The remedy proposed was twofold: (1) a revision of the Bible, in which the new “dynamic equivalence” method of translating would be employed so as to conform the text to the same stylistic guidelines which had lately been imposed on the seminary, and to otherwise obscure the “patriarchalism” of the Bible by the adoption of feminist interpretations; and (2) an elimination of the intractable “problem” passages (e.g. Ephesians 5:22-24) by means of a revised lectionary (schedule of readings) which was to omit all passages in which the subordination of women is so plainly taught that it could not be obscured by false interpretations. By this means the Bible might be exhibited as an example of political correctness to all who heard it read in the churches.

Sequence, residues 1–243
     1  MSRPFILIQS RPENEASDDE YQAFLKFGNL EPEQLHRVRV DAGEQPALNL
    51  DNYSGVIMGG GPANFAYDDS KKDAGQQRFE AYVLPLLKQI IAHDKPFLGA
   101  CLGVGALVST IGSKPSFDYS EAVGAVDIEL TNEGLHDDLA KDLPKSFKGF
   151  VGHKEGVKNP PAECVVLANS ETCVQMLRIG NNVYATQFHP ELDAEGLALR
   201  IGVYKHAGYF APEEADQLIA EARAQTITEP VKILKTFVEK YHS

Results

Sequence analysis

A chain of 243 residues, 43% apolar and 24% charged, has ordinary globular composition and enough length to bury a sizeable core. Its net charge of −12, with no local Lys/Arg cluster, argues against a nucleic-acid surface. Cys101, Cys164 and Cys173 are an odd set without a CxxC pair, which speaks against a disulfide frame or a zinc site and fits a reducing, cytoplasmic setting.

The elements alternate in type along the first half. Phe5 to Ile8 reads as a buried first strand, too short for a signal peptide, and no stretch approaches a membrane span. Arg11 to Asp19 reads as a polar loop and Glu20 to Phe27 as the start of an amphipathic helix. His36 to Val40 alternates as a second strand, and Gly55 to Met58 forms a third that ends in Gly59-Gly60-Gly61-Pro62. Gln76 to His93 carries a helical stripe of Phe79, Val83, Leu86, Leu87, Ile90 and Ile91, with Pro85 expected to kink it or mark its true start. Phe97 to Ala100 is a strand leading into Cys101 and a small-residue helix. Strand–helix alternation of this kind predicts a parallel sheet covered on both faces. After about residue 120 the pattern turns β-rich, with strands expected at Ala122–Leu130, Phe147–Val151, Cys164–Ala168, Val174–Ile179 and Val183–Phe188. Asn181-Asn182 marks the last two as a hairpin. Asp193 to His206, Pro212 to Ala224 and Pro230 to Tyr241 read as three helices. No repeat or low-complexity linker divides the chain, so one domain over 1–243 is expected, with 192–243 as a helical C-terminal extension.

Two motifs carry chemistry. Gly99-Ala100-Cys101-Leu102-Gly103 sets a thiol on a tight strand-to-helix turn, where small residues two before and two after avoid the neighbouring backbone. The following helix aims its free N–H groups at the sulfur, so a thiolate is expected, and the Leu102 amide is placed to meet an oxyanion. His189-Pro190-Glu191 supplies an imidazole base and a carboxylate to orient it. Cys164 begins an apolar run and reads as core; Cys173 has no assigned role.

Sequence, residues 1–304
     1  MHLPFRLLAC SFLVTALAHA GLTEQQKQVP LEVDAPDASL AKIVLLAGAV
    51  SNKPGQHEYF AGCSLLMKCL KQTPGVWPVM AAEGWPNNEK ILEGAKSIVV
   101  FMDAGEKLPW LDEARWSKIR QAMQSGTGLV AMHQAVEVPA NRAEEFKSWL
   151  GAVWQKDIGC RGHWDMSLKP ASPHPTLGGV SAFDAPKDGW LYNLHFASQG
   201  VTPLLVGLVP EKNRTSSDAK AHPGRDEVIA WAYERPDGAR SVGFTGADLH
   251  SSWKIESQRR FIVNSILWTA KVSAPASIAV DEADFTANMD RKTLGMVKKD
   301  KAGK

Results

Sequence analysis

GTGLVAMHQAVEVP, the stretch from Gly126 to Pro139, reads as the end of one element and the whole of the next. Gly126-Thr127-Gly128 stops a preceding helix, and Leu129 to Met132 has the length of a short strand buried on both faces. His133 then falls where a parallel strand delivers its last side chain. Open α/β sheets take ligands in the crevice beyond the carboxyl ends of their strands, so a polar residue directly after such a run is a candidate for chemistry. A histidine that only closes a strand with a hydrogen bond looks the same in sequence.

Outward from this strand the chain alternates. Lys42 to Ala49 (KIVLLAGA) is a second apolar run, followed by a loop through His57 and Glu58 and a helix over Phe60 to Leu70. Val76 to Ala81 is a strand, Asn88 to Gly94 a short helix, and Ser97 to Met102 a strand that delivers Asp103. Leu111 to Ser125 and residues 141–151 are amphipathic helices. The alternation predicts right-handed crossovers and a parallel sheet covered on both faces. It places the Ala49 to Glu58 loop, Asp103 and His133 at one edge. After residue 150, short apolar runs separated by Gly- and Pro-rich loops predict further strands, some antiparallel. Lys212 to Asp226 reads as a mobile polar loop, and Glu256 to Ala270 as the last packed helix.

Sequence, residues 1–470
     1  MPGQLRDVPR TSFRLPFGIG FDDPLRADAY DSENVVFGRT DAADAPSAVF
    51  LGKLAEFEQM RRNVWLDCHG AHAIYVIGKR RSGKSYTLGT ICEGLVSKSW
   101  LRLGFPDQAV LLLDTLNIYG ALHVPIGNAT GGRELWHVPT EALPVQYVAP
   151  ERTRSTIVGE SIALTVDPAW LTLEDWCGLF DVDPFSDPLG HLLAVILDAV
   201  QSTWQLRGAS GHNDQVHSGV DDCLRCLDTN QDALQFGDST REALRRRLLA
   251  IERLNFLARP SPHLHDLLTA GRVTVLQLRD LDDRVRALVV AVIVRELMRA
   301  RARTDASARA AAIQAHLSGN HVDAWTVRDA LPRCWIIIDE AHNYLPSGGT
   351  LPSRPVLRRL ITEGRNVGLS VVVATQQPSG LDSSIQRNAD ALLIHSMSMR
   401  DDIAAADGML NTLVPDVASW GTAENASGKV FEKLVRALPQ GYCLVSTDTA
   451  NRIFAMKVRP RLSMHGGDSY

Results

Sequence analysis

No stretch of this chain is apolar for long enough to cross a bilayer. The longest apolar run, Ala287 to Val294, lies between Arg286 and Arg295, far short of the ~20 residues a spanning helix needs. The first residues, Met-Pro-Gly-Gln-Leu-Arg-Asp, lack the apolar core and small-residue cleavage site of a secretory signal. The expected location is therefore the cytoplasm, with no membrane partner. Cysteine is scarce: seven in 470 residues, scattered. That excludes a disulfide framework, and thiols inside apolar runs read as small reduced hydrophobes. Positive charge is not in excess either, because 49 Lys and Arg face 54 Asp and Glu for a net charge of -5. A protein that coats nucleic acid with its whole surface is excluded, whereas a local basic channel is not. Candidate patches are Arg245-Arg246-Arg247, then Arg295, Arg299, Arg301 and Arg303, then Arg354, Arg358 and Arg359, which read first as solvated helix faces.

The earliest example of such an effort was the Inclusive Language Lectionary published by the National Council of Churches in 1983. This lectionary presented gender-neutral adaptations of Scripture for the readings prescribed in the Common Lectionary (1983, revised 1992), which excluded 1 Corinthians 11:3-16, 1 Corinthians 14:34-35, Ephesians 5:22-24, Colosians 3:18, 1 Timothy 2:11-15, and 1 Peter 3:1-6. The adaptations were thoroughgoing, and included gender-neutral language in reference to God. Soon after this, complete versions of the Bible which featured a moderate use of gender-neutral language began to appear. In 1985 the New Jerusalem Bible, a Roman Catholic version, became the first such version. But the first version to use gender-neutral language in a really thorough and systematic way was the New Revised Standard Version (NRSV), which appeared in 1990. This version was created under a mandate from the copyright holder, the National Council of Churches, to eliminate “sexist” language. It did not however substitute gender-neutral language in reference to God, and it did not incorporate many of the misinterpretations proposed by feminists, and so it did not satisfy many liberals.